|Chairman's Reserve 'The Forgotten Casks' Reserve Rum (80 proof)||Login||—||In Stock|
|Chairman's Reserve 1931 Fifth Edition Rum (92 proof)||Login||—||In Stock|
|Chairman's Reserve Rum (80 proof)||Login||—|
|Chairman's Reserve Spiced Rum (80 proof)||Login||—||In Stock|
Tasting Table: Here are the Sipping Rums to Pop Open this Summer
Eater: 10 Great Rums Under $30
Rum Diaries Blog: Chairman's Reserve Rum
Uncommon Caribbean: Chairman's, The #1 Rum for Young St. Lucians
Committed to innovation and quality, St. Lucia Distillers Group of Companies is a boutique rum distillery situated in the scenically beautiful and agriculturally rich valley of Roseau on the Caribbean island of St. Lucia. A passionate team of distillers, blenders and administrative staff work together to produce some of the world's finest rums.
St. Lucia Distillers' Brands have been recognized at the world's most exacting competitions, winning numerous accolades and awards. In the 2009 International Spirits Challenge Admiral Rodney won the Rum Trophy and St. Lucia Distillers was nominated as only one of three distilleries globally for the trophy 'Excellence in Craftsmanship.'
The company prides itself on its commitment to product development and has an offering of over 25 rums and rum products ranging from premium aged rums and cream liqueurs to traditional pouring rums.
The Art of Making Rum
Raw Materials: Molasses, made from the juice extracted from sugarcane, is imported from a number of sugar producing nations throughout Latin America and the Caribbean. Their largest supply comes from Guyana. The distillery currently has five acres under sugar cane. They have planted four selected varieties of cane which is sourced from the West Indies Breeding Station in Barbados. They intend to expand our acreage of cane to ten acres in the coming years.
The molasses is mixed with water collected from local streams and is supplemented by the collection of rainwater. All the water they use for finished product is filtered and undergoes reverse osmosis. The resulting wash is monitored closely by the distillers who ensure Brix levels result in efficient fermentation.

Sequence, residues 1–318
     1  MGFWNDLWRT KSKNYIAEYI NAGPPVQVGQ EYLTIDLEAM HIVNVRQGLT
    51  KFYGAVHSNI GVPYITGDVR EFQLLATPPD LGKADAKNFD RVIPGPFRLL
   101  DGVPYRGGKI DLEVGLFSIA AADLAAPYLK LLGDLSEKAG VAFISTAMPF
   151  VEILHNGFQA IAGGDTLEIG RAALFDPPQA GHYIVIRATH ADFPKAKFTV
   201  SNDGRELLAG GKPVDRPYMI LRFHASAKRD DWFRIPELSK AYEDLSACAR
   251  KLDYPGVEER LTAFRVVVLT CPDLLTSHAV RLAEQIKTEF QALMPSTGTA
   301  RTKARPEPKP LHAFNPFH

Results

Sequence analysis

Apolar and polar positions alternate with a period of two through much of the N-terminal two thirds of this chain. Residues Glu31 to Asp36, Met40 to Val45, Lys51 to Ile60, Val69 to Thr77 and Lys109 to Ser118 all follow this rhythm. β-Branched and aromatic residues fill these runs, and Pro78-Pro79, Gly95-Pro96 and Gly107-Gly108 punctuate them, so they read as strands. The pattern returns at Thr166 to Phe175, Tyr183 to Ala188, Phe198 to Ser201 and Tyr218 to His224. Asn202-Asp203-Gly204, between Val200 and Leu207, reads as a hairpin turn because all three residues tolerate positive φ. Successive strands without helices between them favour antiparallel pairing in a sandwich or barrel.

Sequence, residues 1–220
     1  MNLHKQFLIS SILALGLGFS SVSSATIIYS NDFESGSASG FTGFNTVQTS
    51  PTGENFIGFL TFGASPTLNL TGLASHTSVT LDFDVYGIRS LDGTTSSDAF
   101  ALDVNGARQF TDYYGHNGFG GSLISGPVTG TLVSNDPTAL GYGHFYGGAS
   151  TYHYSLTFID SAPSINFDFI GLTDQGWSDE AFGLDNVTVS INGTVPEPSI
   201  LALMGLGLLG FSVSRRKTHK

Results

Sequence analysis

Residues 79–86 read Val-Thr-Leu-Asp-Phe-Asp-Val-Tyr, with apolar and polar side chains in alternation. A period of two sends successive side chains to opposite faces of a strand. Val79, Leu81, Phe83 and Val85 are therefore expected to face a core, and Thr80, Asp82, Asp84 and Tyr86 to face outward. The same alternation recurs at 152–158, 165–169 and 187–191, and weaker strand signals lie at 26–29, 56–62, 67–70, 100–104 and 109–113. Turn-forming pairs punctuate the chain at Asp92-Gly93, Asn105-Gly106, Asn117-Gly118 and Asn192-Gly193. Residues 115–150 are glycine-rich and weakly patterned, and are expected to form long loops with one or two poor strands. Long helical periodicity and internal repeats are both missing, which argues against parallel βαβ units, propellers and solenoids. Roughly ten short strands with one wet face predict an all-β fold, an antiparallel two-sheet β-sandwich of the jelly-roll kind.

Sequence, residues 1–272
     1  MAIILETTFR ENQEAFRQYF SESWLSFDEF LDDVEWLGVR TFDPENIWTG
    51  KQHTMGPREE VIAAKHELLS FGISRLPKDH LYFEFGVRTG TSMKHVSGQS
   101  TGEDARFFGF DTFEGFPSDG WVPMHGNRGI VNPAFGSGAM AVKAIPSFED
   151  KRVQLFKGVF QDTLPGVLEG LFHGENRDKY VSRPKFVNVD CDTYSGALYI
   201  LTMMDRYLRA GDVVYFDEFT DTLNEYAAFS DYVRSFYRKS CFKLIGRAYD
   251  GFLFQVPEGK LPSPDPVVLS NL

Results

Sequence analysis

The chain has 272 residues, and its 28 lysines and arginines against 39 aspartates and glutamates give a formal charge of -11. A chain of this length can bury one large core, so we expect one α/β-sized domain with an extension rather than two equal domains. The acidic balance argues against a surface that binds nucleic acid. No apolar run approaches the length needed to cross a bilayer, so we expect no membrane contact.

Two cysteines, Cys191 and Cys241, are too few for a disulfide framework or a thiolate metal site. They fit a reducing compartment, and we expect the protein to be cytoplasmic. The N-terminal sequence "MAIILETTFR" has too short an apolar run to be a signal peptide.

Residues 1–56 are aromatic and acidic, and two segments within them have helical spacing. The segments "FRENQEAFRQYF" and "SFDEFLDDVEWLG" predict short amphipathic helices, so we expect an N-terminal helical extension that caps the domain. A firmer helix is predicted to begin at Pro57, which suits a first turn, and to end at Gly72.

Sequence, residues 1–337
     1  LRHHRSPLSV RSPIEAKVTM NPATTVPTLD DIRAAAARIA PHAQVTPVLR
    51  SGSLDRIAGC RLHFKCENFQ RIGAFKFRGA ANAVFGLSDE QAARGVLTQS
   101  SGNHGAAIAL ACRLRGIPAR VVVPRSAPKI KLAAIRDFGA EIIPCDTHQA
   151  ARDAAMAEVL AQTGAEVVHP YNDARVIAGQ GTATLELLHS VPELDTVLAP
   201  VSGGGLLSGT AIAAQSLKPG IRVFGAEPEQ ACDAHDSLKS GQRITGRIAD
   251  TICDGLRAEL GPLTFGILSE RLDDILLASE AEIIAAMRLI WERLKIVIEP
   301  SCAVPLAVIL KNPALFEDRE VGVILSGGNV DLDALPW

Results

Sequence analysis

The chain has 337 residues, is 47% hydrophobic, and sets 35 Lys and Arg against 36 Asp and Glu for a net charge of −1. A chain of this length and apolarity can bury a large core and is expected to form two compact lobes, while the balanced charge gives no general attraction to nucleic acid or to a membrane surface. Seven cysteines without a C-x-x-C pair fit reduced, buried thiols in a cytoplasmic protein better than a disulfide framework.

Fermentation: The distillery uses a number of yeasts for the bulk of our molasses fermentation. Their sugar cane fermentation is however, completely natural. Their yeasts are propagated in stainless steel tanks and then used to inoculate the wash. These yeasts have been carefully selected for their flavor profile and their efficiency in converting sugar into alcohol. Fermentation takes place at temperatures of up to thirty four degrees celsius for 24-30 hours. We control the length and temperature of fermentation to give a balance of congeners which give the rums their unique flavor. Sugar cane fermentations can take up to four days as we prefer a natural process.
Distillation: The resulting wash is heated and distilled in either a pot still or column (continuous) still. St. Lucia Distillers has four different stills. This gives them the ability of making different rums with varying flavor profiles which then give the blender the rums to make unique and quality driven products. Traditional small batch distillations differentiate them from larger distilleries and allow them to produce rums with different and distinctive characters.
The Continuous (Coffey) Still (commissioned 1985)
The John Dore Pot Still (commissioned 1998)
The Vendome Pot Still (commissioned 2003)
The John Dore 6000 Liter Pot Still (commissioned 2004)
Maturation: They currently have a large and growing stock of barrels undergoing maturation. St. Lucia Distillers sources its’ white American oak barrels from the Kentucky Bourbon industry and has barrels from Jack Daniels, Buffalo Trace and Jim Beam. In addition to Bourbon barrels they use port barrels for final polishing for products such as TØZ and are experimenting with Hermitage and Chilean wine barrels. They are conducting further experiments with Sherry, Madeira and Sauternes barrels. Tropical aging speeds up the maturation process. The spirit ages two and half times faster than equivalent spirits in Europe. Although this has its’ advantages it can often be the case that rums over 10 years of age can be extremely woody as tropical maturation takes on too much tannin. They carefully check all barrels for the evolution of the spirit and rely on the talents of their blending team to marry old rums with younger rums to get balance and greater complexity.
Blending: The art of blending is central to their philosophy. They do not put age statements on the rums because they believe passionately that complexity and balance can only be maximized by blending old, complex but often “woody” rums with fresher but characterful rums. With the exception of caramel for coloring purposes, they do not add sugar or other additives to the rums, and therefore conform to both Caribbean and European Community rum standards. The exact character of each rum or liqueur is determined by a team of master blenders who maintain the consistency of taste in the existing blends. They continue to develop new products which can find a niche in local and export markets.